Louise Wise Services, a highly rated foster care agency based in Harlem, is currently caught in the most contentious family separation in the group’s 90-year history: its own. Since the agency announced last October that it would shut down due to city funding cuts, it has staggered from one controversy to the next, facing charges of everything from callousness to financial mischief.
On Thursday, the day before the agency’s official close, a few of the Louise Wise social workers about to lose their jobs gathered in protest outside the offices of the city’s Administration for Children’s Services. The agency had not only shut down with too little warning, charged Michele Hart, a representative from the workers’ union, DC 1707, but management reportedly told staff that they could each expect to receive only 75 percent of the severance pay agreed on in their contract.
Rebecca Kurti, 33, a caseworker at the agency for three years, said she and the other staff got their 60 days’ notice on Christmas Eve. “With the holiday, it meant we basically had six weeks,” Kurti fumed. “That was just not enough time for people to do what they needed for their cases or for themselves.”
Others said the decision to close was particularly regrettable because ACS is putting fewer families in foster care and focusing more and more on the work Louise Wise was renowned for: preventive services to help families deal with their troubles. Of the 85 agencies that offer preventive services, Louise Wise was consistently one of the city’s top rated. “We are a solid program, and we are keeping families intact and out of foster care,” said senior social worker Amy Wilson.
Last year, the agency handled roughly 300 foster care cases, 120 family preservation cases and 30 adoptions, in addition to running a neighborhood food pantry, counseling for teen fathers and after-school programs.
The foster care and preventive program clients will be transferred to other agencies. Wilson noted that such a break inevitably take its toll: “It’s not so easy for people to open up with a new social worker.” In an attempt to ease the transition, the board at Louise Wise devised a plan last summer that would have kept the agency’s staff and clients together: merging with another local foster care agency, Harlem Dowling.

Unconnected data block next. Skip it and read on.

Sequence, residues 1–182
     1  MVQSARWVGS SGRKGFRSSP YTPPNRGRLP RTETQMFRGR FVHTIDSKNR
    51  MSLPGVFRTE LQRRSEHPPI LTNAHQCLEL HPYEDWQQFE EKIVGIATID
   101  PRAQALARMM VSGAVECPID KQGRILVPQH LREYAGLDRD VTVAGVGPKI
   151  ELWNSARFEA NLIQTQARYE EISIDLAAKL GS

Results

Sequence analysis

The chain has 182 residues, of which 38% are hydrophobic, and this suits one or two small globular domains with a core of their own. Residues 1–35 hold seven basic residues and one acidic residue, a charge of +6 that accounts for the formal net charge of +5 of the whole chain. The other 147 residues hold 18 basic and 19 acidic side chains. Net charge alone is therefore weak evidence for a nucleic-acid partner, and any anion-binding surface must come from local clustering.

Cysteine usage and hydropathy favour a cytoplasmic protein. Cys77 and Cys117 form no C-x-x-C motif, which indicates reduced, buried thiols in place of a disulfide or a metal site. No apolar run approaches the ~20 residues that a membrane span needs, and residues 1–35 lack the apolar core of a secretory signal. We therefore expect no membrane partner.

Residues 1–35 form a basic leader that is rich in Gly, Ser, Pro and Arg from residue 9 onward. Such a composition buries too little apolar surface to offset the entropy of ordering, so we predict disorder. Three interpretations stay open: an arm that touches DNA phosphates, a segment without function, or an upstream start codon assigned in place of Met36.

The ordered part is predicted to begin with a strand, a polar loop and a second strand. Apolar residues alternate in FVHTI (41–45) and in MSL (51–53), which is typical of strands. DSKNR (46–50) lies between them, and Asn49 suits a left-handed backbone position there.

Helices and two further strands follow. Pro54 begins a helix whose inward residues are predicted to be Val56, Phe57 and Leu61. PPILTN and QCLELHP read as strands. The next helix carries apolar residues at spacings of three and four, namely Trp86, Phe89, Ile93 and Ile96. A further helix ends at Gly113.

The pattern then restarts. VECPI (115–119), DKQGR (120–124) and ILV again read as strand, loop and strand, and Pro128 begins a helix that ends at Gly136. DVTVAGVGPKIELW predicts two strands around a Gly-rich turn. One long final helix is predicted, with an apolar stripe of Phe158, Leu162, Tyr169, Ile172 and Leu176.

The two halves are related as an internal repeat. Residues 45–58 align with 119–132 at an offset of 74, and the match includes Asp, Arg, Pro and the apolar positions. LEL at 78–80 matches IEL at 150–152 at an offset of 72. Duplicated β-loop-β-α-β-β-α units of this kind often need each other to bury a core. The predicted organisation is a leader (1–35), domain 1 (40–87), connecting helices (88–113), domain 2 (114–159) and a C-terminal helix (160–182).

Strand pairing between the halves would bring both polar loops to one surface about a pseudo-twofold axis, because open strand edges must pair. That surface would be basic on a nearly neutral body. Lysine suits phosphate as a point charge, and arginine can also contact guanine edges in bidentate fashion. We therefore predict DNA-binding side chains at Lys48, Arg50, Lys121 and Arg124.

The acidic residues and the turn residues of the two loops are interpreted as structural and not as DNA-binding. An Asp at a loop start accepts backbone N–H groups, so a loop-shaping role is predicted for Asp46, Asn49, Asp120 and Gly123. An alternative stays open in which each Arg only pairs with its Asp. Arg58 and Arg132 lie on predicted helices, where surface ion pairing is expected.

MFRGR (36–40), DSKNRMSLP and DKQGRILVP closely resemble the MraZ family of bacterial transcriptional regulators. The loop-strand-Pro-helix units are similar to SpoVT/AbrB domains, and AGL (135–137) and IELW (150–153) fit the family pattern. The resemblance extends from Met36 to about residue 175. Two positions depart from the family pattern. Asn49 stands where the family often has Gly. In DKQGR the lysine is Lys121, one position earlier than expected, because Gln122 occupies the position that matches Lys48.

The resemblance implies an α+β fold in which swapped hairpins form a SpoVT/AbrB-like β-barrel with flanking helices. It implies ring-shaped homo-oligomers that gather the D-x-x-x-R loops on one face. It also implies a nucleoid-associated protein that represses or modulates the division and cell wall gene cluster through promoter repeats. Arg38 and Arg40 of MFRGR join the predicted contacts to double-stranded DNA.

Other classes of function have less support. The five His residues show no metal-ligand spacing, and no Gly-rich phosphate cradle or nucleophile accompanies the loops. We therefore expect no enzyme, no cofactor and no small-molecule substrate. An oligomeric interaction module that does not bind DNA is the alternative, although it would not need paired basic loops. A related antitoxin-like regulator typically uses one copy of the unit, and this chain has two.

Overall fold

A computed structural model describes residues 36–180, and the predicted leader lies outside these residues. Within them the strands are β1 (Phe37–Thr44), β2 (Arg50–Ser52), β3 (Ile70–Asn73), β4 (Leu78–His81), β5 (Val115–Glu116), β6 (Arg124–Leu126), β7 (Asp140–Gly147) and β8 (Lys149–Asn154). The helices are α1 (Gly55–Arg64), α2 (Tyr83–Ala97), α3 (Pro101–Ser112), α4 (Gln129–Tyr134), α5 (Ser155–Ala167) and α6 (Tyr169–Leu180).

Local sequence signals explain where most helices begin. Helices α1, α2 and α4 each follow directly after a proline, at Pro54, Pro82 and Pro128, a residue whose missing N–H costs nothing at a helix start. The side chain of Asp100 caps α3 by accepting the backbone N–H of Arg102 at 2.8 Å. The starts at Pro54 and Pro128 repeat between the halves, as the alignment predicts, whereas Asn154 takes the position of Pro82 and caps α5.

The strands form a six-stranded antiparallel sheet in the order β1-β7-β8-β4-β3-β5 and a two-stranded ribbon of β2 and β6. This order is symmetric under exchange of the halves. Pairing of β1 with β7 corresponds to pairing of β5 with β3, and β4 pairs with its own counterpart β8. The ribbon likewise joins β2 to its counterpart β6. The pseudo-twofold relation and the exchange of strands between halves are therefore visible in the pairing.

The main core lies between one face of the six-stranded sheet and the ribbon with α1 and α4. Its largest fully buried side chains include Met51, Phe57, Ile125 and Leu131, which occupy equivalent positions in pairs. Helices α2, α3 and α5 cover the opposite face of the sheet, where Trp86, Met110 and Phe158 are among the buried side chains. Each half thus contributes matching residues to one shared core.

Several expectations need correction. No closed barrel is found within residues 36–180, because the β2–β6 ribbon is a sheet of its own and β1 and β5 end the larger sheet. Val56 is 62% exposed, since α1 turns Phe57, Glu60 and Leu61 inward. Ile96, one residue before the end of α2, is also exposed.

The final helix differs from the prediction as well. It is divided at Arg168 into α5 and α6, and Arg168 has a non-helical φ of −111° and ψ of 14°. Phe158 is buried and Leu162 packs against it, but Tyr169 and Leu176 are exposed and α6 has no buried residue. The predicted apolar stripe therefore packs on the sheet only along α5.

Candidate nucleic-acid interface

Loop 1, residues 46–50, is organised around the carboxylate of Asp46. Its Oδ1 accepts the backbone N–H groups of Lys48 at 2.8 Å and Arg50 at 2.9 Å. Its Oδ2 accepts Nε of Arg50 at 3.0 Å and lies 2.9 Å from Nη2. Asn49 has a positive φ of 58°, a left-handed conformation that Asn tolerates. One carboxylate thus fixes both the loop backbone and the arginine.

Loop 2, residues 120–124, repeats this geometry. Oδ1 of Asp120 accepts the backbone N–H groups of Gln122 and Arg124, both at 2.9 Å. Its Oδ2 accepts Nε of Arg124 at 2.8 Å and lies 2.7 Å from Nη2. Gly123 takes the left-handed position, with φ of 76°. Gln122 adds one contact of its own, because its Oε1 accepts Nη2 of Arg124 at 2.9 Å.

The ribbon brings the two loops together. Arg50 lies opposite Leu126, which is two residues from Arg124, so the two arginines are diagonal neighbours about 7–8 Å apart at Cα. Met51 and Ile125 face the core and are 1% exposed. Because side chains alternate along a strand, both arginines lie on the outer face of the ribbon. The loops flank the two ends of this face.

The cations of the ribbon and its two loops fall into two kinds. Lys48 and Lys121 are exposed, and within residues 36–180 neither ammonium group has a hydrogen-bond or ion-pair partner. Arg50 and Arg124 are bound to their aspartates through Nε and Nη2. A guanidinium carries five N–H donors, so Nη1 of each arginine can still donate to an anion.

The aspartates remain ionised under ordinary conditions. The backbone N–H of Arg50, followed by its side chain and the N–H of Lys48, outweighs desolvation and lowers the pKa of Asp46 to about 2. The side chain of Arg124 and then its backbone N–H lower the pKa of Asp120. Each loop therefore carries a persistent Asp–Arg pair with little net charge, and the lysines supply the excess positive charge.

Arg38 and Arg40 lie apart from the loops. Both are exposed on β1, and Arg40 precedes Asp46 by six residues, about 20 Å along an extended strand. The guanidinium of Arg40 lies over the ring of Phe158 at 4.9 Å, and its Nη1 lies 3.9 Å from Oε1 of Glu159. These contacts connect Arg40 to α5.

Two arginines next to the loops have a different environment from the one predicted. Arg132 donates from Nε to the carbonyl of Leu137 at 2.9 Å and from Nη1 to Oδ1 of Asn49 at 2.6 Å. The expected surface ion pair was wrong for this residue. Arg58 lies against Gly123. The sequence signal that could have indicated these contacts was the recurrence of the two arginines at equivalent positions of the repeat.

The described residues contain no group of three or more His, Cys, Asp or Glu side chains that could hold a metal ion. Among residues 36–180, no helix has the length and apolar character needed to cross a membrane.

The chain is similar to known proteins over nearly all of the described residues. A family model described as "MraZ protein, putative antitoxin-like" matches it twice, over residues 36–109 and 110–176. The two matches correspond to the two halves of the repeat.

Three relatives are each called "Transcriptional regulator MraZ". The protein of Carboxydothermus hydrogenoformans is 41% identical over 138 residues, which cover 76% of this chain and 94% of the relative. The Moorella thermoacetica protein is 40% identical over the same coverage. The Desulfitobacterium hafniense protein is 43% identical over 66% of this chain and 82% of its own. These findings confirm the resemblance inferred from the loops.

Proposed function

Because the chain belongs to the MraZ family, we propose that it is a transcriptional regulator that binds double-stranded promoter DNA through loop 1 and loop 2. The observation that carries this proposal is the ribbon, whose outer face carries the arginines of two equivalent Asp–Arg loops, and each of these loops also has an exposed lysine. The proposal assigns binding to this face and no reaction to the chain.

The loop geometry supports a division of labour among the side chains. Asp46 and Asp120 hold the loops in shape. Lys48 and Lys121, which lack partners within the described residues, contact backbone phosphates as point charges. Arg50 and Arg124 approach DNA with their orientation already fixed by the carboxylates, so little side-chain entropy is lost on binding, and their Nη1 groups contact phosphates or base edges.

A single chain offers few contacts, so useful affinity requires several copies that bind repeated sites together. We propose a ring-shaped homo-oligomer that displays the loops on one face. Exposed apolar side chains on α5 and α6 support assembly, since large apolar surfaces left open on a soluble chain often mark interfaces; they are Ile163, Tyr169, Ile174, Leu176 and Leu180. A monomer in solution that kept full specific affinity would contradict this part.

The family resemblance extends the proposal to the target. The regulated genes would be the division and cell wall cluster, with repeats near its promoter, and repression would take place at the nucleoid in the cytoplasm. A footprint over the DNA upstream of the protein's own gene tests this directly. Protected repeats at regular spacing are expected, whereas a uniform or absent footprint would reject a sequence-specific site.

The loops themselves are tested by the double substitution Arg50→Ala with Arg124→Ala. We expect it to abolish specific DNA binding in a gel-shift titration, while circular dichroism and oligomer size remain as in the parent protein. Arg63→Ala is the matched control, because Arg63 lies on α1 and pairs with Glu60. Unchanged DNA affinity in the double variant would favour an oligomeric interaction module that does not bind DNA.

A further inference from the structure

But that merger deal collapsed in late December because ACS would not agree to transfer Louise Wise’s entire caseload to Harlem Dowling. According to ACS spokesperson Maclean Guthrie, it is the agency’s policy, anytime a foster care provider closes, to decide on a case-by-base basis who will manage each child. She could not provide any more information on which agencies would receive Louise Wise’s clients or why Harlem Dowling was not selected.
Since the merger idea got nixed, the displaced staff and clients at Louise Wise have grown more resentful about the decision to close in the first place. Some are even questioning why an agency estimated to have assets between $5 and $10 million is crying poverty. While city funding for foster care has been cut, Louise Wise collected more than $16 million from the sale of at least four properties in Manhattan in the last three years.
Union sources now charge that the organization violated state laws restricting nonprofits from simply selling off their major capital assets. A spokesperson from the state attorney general’s office confirmed they are reviewing a complaint.
While Louise Wise management did not return repeated phone calls, the organization has said it plans to use its remaining assets to start a Louise Wise foundation in Harlem that will support family and children’s services.
City Councilmember Bill Perkins, who helped Louise Wise purchase one of the four properties, isn’t satisfied with such vague assurances. “We welcomed [Louise Wise] to Harlem with open arms, and now they are disappearing with profits from a speculative land deal,” said the Councilmember last week. “I call it a betrayal, and I want to know what they are going to do with that money.”